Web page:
25 December 2010
Narrow gauge track painting has invaded the Junction! The difference between painted and silver pristine track is incredible. The first coat of Floquil Rail Brown has been applied (a kind of greenish-muddy brown). Next, rust will be added to give the rail more color. After that, ties will be painted with various colors. The Floquil track pen set is being used mostly for this, with 2 pens pretty much depleted, but make the job go pretty easily. The frogs, guard rails, and tight spots where the pen tips don't fit are being painted with Humbrol paints by brush, which is not bad if you don't have to do dual gauge switches, which require a lot of hand painting. This is resulting in an excellent blend of color and variation of the rail and ties.
Bragdon foam scenery bed is being installed along the Monarch switchback down to Mear's. Still a long way to go, but finally in progress again. Now that we have all these trees, it is time to get seriously working on the scenery.
Near the Gray's Water Tank site, some experimantal scenery was begun. It was decided to procure some light reddish orange dirt for the cut. Track painting is underway from Marshall Pass to Mear's Jct and beyond.
A six inch section of track and cork roadbed has been cut out where the rails had buckled from expansion, on the "inside" track. A piece of luann will be inserted with ties, so the ends to the flex track can be spiked and a splice of handlaid can be spiked. Another spot where the track kinked is near the Marshall Pass Water Tank, where another splice is planned.
WORKSHOP - PINE TREE MAKING - Jacob Lofgren
Jacob gave us a very instructional and fun workshop learing about and making several types of trees for the layout. We learned of the different types of trees needed for the layout, the different types of pines that grow at the various elevations, where we would need to plant them on the layout, and avoid simply making the coolest or most popular trees, and instead modeling the right types of trees, types pf pine specifically, for the subject of today's clinic. Jacob explained the types of pinon pine, juniper/cedar and firs at the sub-moraine level, & ponderosa, lodgepole, & firs at the higher elevations. Jacob also went through the costs and time required for different types. Jacob showed us pictures of trees and of layouts with examples of different types modeled/displayed. We then each worked at different tasks, from painting trunks, adding filter screens, trimming "branches", painting wash on (114) Scenic Woodland pinon & juniper trunks.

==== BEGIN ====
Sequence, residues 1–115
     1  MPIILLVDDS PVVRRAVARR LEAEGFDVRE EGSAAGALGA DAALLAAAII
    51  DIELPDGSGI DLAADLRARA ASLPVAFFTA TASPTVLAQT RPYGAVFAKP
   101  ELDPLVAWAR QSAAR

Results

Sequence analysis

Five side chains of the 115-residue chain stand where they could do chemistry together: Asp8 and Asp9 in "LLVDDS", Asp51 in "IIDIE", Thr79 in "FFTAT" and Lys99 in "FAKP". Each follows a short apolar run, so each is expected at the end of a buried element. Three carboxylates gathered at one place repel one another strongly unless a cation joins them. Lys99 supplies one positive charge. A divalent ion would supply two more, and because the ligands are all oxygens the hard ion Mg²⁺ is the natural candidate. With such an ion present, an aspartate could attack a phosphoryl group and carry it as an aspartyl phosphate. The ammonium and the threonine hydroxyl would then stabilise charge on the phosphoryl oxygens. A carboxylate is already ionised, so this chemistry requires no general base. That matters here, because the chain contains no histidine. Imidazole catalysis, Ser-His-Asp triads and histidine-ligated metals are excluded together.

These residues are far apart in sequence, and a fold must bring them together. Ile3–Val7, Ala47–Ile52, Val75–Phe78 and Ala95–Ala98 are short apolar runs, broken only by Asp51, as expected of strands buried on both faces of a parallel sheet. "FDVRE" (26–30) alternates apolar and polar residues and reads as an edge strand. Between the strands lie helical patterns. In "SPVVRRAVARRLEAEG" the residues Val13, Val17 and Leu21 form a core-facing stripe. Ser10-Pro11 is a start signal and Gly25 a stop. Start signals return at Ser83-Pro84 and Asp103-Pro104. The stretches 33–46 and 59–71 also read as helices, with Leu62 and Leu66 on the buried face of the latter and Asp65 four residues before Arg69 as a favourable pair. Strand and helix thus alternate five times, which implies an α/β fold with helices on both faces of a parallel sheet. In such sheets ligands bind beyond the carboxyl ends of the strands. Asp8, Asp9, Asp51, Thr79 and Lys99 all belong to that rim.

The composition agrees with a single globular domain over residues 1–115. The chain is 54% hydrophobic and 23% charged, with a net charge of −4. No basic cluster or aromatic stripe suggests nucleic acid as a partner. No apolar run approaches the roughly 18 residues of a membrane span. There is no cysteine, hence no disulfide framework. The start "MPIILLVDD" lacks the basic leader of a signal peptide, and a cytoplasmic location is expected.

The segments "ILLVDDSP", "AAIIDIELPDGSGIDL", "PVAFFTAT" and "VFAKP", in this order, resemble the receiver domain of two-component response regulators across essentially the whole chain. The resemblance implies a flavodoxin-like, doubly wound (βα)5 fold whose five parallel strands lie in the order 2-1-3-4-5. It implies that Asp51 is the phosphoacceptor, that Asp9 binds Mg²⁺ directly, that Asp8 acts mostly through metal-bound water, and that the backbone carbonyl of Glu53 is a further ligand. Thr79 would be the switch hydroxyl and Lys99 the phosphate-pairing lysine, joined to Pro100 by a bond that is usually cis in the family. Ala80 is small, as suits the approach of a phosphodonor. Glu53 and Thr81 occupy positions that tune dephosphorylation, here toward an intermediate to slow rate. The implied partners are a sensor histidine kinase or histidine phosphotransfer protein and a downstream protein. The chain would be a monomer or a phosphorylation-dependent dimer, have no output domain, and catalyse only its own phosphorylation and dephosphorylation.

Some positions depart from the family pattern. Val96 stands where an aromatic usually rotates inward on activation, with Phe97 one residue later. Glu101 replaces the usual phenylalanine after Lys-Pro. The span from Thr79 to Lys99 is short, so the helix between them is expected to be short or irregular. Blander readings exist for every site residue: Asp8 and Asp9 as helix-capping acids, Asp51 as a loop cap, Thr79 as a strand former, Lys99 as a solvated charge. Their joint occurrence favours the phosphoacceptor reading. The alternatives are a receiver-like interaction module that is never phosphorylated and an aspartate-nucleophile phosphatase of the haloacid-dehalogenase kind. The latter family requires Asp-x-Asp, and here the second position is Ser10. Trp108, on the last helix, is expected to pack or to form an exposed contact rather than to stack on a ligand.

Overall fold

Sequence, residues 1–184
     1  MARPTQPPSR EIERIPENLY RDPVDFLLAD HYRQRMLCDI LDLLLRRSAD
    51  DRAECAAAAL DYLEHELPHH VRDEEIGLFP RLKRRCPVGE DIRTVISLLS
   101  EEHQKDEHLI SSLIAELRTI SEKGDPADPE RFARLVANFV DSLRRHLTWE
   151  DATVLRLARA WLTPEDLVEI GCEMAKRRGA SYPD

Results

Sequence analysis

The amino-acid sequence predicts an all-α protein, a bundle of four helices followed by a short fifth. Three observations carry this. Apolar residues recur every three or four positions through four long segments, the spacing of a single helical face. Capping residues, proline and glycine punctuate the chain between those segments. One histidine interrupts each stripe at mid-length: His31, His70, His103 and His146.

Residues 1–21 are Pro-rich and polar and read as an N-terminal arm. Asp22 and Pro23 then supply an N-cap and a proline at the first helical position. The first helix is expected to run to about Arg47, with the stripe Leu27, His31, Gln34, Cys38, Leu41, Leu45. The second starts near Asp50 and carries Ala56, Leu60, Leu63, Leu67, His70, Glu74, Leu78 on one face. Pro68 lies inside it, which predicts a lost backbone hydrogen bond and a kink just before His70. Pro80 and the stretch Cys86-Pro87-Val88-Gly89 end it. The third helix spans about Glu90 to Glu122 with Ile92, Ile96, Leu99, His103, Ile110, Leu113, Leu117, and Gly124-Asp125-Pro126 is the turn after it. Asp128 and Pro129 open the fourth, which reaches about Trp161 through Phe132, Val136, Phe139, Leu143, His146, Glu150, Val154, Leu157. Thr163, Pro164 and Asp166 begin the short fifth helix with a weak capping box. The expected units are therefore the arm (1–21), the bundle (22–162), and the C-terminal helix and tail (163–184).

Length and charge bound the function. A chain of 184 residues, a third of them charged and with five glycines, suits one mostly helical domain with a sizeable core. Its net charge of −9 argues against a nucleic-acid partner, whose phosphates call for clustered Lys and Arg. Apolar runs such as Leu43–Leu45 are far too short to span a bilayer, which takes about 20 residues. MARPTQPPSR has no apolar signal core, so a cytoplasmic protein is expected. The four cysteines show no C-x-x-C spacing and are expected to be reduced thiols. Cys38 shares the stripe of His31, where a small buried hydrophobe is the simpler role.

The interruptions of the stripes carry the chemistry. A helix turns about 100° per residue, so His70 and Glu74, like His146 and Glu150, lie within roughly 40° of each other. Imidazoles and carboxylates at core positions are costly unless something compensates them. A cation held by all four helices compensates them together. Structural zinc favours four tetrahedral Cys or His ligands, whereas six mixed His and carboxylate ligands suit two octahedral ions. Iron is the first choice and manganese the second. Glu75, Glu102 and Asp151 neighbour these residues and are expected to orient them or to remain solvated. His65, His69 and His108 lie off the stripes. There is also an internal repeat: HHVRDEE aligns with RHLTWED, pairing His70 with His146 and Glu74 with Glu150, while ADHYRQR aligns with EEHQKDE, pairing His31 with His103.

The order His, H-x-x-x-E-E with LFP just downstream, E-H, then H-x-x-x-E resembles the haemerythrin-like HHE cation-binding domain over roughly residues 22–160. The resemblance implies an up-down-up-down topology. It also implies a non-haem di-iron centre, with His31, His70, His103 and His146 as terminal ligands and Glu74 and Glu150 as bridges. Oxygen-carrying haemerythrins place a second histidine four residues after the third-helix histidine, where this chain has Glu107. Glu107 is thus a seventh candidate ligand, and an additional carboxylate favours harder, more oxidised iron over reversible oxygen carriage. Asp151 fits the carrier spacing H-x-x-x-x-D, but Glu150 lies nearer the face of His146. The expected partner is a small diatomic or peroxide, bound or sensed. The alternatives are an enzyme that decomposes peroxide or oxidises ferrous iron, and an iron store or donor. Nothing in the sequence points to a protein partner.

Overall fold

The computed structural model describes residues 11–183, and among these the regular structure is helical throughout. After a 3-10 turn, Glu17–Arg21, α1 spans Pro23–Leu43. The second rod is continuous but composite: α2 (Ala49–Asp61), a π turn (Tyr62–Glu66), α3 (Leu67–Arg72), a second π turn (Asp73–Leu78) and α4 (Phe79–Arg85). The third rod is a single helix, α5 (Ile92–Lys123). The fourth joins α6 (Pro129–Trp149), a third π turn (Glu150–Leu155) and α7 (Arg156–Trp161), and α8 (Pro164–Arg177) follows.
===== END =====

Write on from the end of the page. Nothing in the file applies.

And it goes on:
Hal planed off an area between subroadbed areas. The boards are laid at various grades to match the original roadbed. The outside DG track roadbed around the pens will require some shimming for leveling.
Sections of the narrow gauge track are now finally being painted. Only the initial application of Rail Brown has been applied (at below left), the difference with unpainted rail (below right). Floquil enamels are used (so they aren't washed off with wet glue and alcohal). Rust will be added to the rails, and then ties will be painted with Rail Tie Brown and various other colors (grays/browns).
After all these trees are complete, they will need planting so we don't need to store tons of trees. Realizing this, we need some place for planting. This means we need to get the ground complete for planting. Well, trees really go in last, and the dirt also doubles as ballast for most of the narrow gauge, so before we can even put dirt in, we really need to have track ready. So the priorities are to get all track kinks fixed, and track and ties painted. We still have a lot of areas where there still isn't even any ground. So next month's workshop may be to have everyone painting track & ties. All track in view below (with exception of parts of the switches) has a initial coat of Floquil Rail Brown.